Eli, in your one cheer for Singletary, it sounds as if you’re falling into the risk-benefit, cost-benefit analysis approach to regulation. Yes, I know you are describing voluntary approaches to conserving natural resources. However, I was struck by your conclusion re the woman in Singletary’s article who uses solar cookers on her roof.: You wrote: “Still, provided she avoids injury, she does manage to save resources.”
I would offer that your comment points to one of the problems of measuring “risks” or “costs” when balancing those against “benefits.” Such decisions can easily be biased and selective and not consider trade-offs. In the regulatory realm, of course, they can also be politically motivated.
Let’s consider the solar woman. Her “risk” or “cost” is not just avoiding injury falling down the stairs, but also many other possibilities, including food poisoning because food, such as poultry or hamburger meat, wasn’t cooked properly (the sun went behind a cloud), the opportunity cost because of greater time spent cooking in that mode, neighbors’ being offended by the smells, etc.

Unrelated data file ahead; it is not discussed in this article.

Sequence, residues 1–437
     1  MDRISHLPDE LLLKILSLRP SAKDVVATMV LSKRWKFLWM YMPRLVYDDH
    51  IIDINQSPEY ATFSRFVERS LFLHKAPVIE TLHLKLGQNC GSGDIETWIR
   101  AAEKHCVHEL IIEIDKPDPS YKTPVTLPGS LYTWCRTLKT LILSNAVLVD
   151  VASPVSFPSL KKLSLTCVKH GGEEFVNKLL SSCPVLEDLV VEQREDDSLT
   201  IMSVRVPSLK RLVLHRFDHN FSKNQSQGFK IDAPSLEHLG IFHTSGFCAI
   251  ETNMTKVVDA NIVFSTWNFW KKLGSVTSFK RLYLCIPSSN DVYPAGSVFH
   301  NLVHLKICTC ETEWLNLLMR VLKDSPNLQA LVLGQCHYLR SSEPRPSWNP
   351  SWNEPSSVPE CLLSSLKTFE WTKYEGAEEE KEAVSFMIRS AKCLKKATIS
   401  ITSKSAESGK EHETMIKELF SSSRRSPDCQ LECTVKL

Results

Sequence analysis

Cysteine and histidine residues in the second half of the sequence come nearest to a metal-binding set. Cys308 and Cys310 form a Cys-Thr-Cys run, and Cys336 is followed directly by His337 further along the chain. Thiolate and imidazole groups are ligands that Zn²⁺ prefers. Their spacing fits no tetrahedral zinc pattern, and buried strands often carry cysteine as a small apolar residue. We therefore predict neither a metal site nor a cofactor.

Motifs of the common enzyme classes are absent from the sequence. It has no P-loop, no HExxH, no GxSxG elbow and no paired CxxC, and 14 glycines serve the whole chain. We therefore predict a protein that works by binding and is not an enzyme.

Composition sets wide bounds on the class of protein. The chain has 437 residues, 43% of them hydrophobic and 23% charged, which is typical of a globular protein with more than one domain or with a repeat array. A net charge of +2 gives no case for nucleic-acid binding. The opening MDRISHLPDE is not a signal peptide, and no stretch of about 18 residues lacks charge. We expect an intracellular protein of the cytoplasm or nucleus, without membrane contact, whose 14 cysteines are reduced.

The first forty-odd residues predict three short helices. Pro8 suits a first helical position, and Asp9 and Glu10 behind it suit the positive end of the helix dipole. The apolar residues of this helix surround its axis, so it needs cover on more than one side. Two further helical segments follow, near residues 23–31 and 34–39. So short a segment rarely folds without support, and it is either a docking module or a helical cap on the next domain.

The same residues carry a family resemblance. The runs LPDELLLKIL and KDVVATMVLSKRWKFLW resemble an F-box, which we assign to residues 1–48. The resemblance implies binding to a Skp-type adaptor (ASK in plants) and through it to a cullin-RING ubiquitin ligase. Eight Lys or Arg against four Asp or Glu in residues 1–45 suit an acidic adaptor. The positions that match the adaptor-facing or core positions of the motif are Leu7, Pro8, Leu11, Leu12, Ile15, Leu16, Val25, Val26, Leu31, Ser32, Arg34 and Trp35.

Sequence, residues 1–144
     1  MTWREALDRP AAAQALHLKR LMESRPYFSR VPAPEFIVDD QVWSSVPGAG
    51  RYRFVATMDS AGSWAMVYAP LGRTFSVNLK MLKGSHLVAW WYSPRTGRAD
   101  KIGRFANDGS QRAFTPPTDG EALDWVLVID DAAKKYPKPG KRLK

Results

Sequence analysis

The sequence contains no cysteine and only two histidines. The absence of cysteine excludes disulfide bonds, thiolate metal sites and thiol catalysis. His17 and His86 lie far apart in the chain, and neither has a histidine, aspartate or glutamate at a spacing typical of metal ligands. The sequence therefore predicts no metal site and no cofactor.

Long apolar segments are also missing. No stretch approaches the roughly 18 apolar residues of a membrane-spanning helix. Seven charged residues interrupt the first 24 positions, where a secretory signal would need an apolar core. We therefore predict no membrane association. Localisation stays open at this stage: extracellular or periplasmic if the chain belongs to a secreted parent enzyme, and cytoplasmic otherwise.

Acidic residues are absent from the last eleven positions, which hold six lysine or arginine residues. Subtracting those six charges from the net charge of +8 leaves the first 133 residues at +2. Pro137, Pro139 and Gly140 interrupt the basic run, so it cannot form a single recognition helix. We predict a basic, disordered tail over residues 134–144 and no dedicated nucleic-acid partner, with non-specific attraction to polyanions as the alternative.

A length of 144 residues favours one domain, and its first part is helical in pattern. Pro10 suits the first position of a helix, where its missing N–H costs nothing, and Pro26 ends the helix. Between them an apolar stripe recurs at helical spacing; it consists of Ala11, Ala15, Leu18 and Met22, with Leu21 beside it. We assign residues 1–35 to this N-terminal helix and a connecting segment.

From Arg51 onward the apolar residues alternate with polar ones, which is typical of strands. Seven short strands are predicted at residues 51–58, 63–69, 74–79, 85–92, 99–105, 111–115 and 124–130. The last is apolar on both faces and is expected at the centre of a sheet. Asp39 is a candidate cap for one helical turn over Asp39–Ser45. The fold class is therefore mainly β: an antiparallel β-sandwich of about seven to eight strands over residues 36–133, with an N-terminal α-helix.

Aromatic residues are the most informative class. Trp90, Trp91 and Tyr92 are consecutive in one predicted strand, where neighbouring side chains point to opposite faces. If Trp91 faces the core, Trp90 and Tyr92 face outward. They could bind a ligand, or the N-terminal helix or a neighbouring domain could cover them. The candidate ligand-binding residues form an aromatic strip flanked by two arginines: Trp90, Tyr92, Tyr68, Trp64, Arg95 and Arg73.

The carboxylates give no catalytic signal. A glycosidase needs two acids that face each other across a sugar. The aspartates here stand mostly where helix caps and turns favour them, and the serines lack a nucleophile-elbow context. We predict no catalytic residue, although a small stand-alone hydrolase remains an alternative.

And the “benefits” may not really be that great at saving resources. The solar lady is using resources to “save” resources, e.g, “water-resistant, aluminum-laminated cardboard, a clear plastic oven-roasting bag.” Were those out of pocket costs factored in, plus the energy costs of producing aluminum and plastic? Also, solar cooking doesn’t work on rainy or cloudy days or at night. Does she eat uncooked food on winter nights?
On another point in Singletary’s sermon — she mentions using more water-efficient appliances. Besides the increased cost of many of those appliances, as Christine pointed out, we know what some of the other problems with those are — they don’t do the job.